In 1994, I had only just begun to buy jazz on CD (having finally upgraded from Walkman to Discman). So the prospect of obtaining four (four!) CDs for the price of one seemed a lot more exciting to me back when I only owned about a dozen CDs, total, than it probably seems to anyone today. But nonetheless, I assure you that I snapped up The Verve Story: 1944-1994 with considerable anticipation. My "collection," such as it was at the time, consisted entirely of discs by Miles, Coltrane, Bird, Heribe, Wayne, Monk, and Mingus -- here was a chance to hear music by older artists that I'd been told I needed to know about, but had not actually heard yet. So this box was, believe it or not, my first exposure to the likes of Billie Holiday, Lester Young, Coleman Hawkins, Benny Carter, Ben Webster, Stan Getz, Lee Konitz, and others.
The standout cut, though -- the one that quite literally stopped me dead in my tracks the first time I heard it -- was Jimmy Giuffre's recording of "In the Mornings Out There," with Paul Bley (piano) and Steve Swallow (bass). The tune is by Carla Bley. I had never heard anything remotely like it before. I remember thinking, "Wow, this is what Kind of Blue would have sounded like if everyone on it played like Miles."
There is so much space on that cut. All of the usual jazz musician instincts -- to define the time and the harmony, to fill out the sound, and so on -- are completely inverted here. Paul Bley doesn't play any real chords at first. He just rocks back and forth between a pair of mid-register perfect fourths. Giuffre enters with a dark and breathy clarinet sound, moody and introspective and modernistic, a world removed from the swing-era clarinet sound. The first harmonic "change" comes purely by implication -- Giuffre plays Bb instead of B natural, while Bley doesn't change a thing. There are no chord roots to pin down the progression -- Steve Swallow doesn't play a note until a full minute into the tune. The time is ambiguous too, juxtaposing the 12/8 implied by the piano ostinato with an undercurrent of double-time 4/4 swing, most often invisible below a surface of long dark tones. The chiaroscuro mood, which other jazz musicians might have confined to a brief intro (like, for instance, Gil Evans's written piano-and-bass intro to "So What") is sustained and developed for almost seven minutes. This could easily get precious or boring, but instead Giuffre's quiet, focused intensity is completely transfixing. It still grabs me just as hard today as it was when it first drifted over my Discman earbuds fourteen years ago.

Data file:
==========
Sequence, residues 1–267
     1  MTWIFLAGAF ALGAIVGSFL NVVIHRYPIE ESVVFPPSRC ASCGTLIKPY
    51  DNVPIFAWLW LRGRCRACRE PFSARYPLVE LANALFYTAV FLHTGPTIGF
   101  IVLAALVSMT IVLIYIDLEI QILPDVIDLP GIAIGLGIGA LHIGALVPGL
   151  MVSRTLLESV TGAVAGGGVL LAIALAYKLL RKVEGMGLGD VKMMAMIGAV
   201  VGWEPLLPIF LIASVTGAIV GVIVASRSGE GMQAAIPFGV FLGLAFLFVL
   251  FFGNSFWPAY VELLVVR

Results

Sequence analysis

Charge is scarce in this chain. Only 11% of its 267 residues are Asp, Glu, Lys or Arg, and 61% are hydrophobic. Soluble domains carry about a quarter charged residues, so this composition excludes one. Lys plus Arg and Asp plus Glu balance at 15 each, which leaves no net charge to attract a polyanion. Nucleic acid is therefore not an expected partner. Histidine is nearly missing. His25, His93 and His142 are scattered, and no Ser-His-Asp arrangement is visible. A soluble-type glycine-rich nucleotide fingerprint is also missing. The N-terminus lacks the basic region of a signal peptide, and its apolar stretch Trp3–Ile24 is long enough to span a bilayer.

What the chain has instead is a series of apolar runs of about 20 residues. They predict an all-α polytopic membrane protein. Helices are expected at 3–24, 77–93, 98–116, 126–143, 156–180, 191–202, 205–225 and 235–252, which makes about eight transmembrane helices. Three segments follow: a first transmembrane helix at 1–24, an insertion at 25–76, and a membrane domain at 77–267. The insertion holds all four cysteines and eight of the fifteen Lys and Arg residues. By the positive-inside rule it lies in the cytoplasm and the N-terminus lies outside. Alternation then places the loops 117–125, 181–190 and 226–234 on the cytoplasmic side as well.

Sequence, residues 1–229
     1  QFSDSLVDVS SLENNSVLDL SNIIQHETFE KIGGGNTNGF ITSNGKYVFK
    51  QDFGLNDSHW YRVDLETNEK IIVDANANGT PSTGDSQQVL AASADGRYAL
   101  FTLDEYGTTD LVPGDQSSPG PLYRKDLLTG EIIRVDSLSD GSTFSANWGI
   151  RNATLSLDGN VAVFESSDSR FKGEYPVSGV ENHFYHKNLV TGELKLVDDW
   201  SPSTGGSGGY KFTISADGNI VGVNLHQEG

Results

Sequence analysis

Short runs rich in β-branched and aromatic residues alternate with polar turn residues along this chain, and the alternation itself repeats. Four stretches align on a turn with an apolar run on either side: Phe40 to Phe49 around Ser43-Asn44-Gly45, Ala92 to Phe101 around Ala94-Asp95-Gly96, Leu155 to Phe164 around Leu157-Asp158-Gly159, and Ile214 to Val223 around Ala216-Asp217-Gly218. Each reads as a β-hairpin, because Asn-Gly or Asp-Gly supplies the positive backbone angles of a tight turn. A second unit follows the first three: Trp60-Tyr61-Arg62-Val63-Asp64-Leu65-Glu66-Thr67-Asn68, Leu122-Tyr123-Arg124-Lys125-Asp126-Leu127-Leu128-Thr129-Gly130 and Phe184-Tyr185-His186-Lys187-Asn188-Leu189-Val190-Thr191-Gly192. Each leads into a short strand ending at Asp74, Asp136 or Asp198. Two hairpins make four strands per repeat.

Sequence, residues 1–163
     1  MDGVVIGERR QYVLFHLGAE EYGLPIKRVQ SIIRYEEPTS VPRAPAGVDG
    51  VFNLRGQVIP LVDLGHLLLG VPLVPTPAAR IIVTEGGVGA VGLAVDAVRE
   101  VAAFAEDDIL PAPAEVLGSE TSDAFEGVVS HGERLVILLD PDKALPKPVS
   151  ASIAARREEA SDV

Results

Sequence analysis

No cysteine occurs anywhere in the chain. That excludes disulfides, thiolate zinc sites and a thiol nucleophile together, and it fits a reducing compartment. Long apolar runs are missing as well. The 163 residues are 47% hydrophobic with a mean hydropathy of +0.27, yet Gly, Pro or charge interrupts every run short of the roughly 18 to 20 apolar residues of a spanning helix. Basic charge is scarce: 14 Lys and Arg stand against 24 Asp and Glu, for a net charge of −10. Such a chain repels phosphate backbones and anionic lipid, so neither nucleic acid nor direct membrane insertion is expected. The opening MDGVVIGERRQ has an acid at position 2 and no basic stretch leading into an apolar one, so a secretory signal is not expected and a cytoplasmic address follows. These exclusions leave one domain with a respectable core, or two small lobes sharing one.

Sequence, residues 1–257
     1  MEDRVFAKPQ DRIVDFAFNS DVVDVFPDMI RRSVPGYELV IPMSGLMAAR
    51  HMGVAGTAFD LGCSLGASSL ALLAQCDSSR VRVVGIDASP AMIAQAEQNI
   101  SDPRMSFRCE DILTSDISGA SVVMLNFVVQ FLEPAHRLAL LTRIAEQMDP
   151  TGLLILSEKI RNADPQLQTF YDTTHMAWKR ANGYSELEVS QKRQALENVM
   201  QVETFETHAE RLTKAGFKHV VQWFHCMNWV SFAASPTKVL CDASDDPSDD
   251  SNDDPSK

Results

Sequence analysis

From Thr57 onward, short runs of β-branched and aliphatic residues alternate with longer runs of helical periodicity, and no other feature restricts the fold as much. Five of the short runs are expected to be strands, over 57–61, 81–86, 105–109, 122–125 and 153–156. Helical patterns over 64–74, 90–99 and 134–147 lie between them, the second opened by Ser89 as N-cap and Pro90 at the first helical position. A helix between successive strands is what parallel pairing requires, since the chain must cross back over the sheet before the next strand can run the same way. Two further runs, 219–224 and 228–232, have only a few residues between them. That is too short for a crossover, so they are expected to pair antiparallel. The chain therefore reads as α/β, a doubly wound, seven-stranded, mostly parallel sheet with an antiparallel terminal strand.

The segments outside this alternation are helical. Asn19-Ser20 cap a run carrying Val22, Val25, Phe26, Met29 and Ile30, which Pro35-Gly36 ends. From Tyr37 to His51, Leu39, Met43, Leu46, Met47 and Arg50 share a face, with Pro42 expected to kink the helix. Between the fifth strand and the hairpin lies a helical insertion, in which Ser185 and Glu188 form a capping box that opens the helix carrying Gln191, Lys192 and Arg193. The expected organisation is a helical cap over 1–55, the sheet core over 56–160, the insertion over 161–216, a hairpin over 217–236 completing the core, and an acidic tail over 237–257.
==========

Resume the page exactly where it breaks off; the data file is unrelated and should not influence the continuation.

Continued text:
Everyone has a handful of recordings that changed their lives. "In the Mornings Out There" changed mine. I didn't know music could be like that. Here it is:
MP3: "In The Mornings Out There," Jimmy Giuffre 3 (click to listen, right-click/control-click to download)
This track is originally from 1961's Fusion, the first Giuffre-Bley-Swallow trio record. Fusion and the followup, Thesis, recorded one month later, were originally released on Verve, but ECM's Manfred Eicher loved them so much he bought the masters and reissued them both on his own label as the 2 CD Jimmy Giuffre 3, 1961 -- which makes this track kind of an odd choice for inclusion on The Verve Story box set, but I am certainly not complaining.
If the above track doesn't convince you that you need to own these albums, I don't know what to tell you. You can get them from Amazon or on iTunes. The third recording in this trilogy, Free Fall, is a lot more acerbic but inarguably brilliant.
There have been lots of great blogospheric appreciations of Giuffre, who died last Thursday from complications of the Parkinson's Disease that prematurely silenced his voice. The best is from trumpeter Kris Tiner at his spiffy new blog (#3, I believe), All At Once:
I have been profoundly inspired by this man's music, especially in the past couple of years. He was a true innovator, once heralded by the jazz press but eventually all but abandoned by them as he embraced open improvisation, atonality, microtonality and pulseless rhythm long before it became "acceptable" to do so. But I think the most significant thing (evidenced by his early 60s work in particular) is that he proved that free improvisation didn't have to abandon melody, and it certainly didn't have to abandon the intimacy and quiet dynamics of chamber music.
Read the whole thing. Kris has written a tune in memoriam of JG. He also links to some great videos of earlier editions of the Jimmy Giuffre 3 -- the Bley-Swallow outfit is rightly regarded as his greatest trio, but the bass-free one with Jim Hall and Bob Brookmeyer is also pretty killing, as you can see in this video). He also links to a downloadable live bootleg from 1961.
Other notable links:
Nik Payton, whose blog first broke the news.
Ted Gioia (Jazz.com) places Giuffre's music in the greater context of West Coast jazz.
Ben Ratliff (NYT)
Matt Schudel (WaPo) -- his piece has a nice quote from Brookmeyer.
Andrew Durkin (Jazz: The Music of Unemployment)
Doug Ramsey (Rifftides) -- it is astounding to think that the person who wrote a chestnut like "Four Brothers" for the Woody Herman band also made a record like Free Fall.
Mark Myers (JazzWax) has lots of recollections from West Coast jazz musicians.
Harris Eisenstadt (Tie a Bow Not A Knot)
David Brent Johnson (WFIU Night Lights)
Steve Schwartz (WGBH) -- this 1994 interview, conducted shortly after Giuffre had been diagnosed with Parkinson's, is a must-listen.
Also, Secret Society co-conspirator Mike McGinnis emailed me to say "I probably felt musically closer to him and Lacy than any other musicians. I guess it's up to us to keep it all going."